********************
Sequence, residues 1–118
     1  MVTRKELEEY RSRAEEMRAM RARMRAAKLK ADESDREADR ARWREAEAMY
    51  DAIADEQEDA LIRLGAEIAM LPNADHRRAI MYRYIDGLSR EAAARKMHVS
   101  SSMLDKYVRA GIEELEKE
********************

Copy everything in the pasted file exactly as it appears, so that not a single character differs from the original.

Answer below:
Sequence, residues 1–118
     1  MVTRKELEEY RSRAEEMRAM RARMRAAKLK ADESDREADR ARWREAEAMY
    51  DAIADEQEDA LIRLGAEIAM LPNADHRRAI MYRYIDGLSR EAAARKMHVS
   101  SSMLDKYVRA GIEELEKE